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Proceedings Paper

Automated Alexandrite Transmitter For Airborne Dial Experiments
Author(s): John J Degnan
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Paper Abstract

The present paper summarizes the key characteristics and development status of an automated dual Alexandrite laser transmitter to be used in a series of airborne water vapor DIAL experiments on the NASA ER-2 high altitude research aircraft. The Lidar Atmospheric Sensing Experiment, or LASE, is a joint effort of the Langley Research Center (LaRC) and the Goddard Space Flight Center (GSFC) with the latter center being responsible for the transmitter. The transmitter consists of five separate subsystems - a pressurized Dual Laser Head (DLH) containing two Alexandrite lasers, a Laser Control Unit (LCU), a Laser Thermal Unit (LTU), and two Lamp Driver Units (LDU's) - and weighs approximately 330 lbs. Each laser utilizes three computer- controlled tuning elements - a five plate birefringent tuner, a thin solid etalon, and a thick solid etalon - to perform inflight tuning or wavelength scans and to hold the radiated wavelength within 0.5 pm of the desired value with the aid of an external high precision wavemeter. The transmitter is designed to operate and maintain its alignment over a wide range of environmental conditions in the aircraft Q-bay compartment. Major reductions in system size and weight, relative to commercial alexandrite lasers, were necessary to meet LASE Project requirements. Furthermore, since the Q-bay experiences ambient pressure variations between 3.5 and 15 psi and ambient temperature variations between 15° and 40°C, the transmitter will be tested in an environmental chamber prior to delivery to the Project. At the present time, subsystem performance tests have been successfully completed on all flight units with the exception of the laser head itself which has undergone only breadboard level tests. In addition, the LTU and LDU's have successfully passed 5 g-rms random vibration tests.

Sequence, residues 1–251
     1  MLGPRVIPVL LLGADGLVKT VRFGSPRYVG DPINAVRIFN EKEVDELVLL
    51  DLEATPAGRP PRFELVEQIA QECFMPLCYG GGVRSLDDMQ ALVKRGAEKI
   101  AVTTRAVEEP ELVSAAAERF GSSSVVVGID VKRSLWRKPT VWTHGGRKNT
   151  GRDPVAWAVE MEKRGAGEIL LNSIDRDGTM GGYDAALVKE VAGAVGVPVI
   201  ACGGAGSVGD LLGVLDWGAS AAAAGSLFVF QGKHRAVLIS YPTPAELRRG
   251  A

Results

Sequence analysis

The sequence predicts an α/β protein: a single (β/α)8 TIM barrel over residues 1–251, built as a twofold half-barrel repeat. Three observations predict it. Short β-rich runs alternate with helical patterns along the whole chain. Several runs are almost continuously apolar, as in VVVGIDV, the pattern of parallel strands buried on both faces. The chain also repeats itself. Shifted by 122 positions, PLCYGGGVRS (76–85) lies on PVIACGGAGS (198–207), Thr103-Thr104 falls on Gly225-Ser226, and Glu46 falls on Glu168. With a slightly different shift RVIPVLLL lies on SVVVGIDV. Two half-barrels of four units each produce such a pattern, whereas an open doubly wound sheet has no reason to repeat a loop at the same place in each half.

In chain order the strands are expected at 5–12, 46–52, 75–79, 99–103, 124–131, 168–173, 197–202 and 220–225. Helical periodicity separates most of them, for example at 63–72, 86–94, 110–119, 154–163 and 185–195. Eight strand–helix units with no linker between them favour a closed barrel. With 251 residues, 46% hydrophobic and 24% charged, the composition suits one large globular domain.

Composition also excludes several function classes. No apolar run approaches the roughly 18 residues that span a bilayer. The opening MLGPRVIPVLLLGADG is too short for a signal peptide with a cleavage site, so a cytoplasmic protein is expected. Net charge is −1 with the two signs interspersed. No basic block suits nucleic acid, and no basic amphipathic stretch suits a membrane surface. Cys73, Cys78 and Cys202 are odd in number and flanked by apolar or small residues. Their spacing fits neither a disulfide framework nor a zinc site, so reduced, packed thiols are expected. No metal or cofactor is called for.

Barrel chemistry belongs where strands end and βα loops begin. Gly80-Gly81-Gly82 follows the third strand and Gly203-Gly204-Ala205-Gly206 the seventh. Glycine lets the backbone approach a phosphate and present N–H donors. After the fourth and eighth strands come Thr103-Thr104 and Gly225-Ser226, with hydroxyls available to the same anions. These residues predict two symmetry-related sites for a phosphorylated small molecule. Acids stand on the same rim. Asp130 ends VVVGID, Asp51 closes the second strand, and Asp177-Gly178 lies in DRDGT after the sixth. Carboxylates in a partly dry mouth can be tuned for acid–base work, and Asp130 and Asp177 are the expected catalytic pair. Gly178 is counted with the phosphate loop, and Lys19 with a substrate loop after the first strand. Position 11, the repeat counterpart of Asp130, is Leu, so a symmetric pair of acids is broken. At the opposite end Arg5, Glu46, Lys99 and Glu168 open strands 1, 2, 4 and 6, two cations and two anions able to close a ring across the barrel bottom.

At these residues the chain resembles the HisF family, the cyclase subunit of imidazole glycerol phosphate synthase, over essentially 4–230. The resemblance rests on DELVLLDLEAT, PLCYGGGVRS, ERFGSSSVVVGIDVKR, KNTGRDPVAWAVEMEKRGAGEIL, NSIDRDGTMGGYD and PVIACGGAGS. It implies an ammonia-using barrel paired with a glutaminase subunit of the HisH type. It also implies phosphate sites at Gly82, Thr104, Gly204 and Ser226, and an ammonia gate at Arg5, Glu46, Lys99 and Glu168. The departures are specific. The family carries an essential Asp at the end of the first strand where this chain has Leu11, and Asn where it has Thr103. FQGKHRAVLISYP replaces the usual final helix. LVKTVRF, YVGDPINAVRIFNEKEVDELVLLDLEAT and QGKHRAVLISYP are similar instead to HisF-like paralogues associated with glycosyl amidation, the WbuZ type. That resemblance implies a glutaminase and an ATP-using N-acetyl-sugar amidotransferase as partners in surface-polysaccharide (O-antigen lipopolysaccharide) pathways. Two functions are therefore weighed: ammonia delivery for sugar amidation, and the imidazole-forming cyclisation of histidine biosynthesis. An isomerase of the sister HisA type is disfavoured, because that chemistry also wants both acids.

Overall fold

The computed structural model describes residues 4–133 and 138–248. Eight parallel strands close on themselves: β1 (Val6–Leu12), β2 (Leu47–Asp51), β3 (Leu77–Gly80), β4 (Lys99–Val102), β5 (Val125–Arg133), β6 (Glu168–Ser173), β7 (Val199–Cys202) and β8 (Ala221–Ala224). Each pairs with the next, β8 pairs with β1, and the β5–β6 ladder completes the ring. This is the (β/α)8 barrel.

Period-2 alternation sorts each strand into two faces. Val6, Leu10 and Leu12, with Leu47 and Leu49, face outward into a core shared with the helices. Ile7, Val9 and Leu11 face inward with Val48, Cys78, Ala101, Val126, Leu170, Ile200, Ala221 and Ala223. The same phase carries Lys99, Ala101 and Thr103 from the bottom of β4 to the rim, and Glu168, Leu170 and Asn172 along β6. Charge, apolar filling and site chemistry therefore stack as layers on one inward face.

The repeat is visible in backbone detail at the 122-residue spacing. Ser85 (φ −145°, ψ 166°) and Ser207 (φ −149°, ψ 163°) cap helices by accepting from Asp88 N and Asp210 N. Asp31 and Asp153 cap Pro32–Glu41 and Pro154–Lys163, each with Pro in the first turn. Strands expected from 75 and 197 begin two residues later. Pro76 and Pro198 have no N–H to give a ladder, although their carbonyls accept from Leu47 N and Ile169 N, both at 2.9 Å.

Paper Details

Date Published: 12 April 1988
PDF: 6 pages
Proc. SPIE 0889, Airborne and Spaceborne Lasers for Terrestrial Geophysical Sensing, (12 April 1988); doi: 10.1117/12.944254
Show Author Affiliations
John J Degnan, NASA Goddard Space Flight Center (United States)


Published in SPIE Proceedings Vol. 0889:
Airborne and Spaceborne Lasers for Terrestrial Geophysical Sensing
Frank Allario, Editor(s)

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